When the Flamingo Hotel and Casino opened in 1946, the core of Las Vegas’ Black community was opening its own stores and restaurants in the Westside. These businesses along Jackson Avenue soon flourished with the regal Moulin Rouge Hotel shining a spotlight on the neighborhood. The city’s first fully integrated casino was the scene to see iconic entertainers like Sammy Davis Jr., Nat King Cole, and Dorothy Dandridge. Today, the area around Jackson Avenue sees a new mix of restaurants, lounges and public exhibits come to life. If you want to see where history is happening for a new generation, visit the Westside any day of the week.
Trina Jiles made history as the first Black woman firefighter of Clark County in 1996. She later went on to the open Gritz Cafe in 2008. The restaurant is so beloved for its soul food staples like Chicken & Waffles, Shrimp & Gritz, Georgia-style fried chops and more.View website
The West Side Oasis is a multi-venue complex situated in Downtown Las Vegas at Las Vegas Boulevard and Fremont Street. As the newest Black-owned bar in Las Vegas, this social lounge offers live entertainment plus signature southern dishes like catfish nuggets and braised collard greens.View Website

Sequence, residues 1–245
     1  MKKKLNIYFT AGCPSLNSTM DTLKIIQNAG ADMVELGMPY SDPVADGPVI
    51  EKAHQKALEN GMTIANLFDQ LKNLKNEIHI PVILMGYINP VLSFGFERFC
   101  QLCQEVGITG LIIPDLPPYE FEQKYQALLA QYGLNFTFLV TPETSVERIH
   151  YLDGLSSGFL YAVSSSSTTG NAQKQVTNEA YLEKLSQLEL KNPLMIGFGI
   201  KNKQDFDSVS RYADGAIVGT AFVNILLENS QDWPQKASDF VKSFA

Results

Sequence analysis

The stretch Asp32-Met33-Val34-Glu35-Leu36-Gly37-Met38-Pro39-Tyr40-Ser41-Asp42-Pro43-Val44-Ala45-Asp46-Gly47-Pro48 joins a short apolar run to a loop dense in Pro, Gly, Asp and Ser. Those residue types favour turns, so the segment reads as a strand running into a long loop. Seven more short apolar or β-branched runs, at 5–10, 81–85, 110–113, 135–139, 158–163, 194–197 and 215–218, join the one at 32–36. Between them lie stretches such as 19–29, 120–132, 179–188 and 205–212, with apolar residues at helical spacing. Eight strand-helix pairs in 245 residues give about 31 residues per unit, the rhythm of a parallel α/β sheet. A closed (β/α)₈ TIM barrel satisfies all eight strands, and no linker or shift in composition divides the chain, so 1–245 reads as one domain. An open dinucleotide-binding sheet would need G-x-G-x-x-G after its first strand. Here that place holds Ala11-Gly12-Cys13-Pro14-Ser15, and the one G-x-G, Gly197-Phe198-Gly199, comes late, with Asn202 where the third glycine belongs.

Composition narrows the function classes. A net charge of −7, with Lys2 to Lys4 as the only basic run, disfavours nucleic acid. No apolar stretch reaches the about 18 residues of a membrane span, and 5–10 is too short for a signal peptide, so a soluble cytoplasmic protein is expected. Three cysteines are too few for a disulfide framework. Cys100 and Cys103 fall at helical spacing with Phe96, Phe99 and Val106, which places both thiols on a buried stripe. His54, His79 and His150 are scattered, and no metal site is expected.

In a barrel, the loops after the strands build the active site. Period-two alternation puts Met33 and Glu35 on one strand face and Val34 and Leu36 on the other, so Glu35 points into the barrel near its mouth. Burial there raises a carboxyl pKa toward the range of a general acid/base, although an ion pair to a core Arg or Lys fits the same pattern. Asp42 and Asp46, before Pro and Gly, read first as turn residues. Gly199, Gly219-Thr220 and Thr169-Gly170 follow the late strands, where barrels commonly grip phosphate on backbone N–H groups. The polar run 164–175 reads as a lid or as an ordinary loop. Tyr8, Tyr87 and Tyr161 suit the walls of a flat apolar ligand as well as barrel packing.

With fabulous resorts being built from the 1950s to the 1960s in Las Vegas, the destination was rapidly earning its reputation as the Entertainment Capital of the World. While this boom of development was happening, the country was struggling with racial segregation and experiencing the impact of the Civil Rights Movement.
Las Vegas is known for attracting visitors from around the globe, with its electrifying entertainment and sports calendar, world-class restaurants, and fabulous resorts. The destination also has a soul you won’t find in many young cities, as the community here is a close one — and supporting locally owned businesses is most certainly part of that.Read More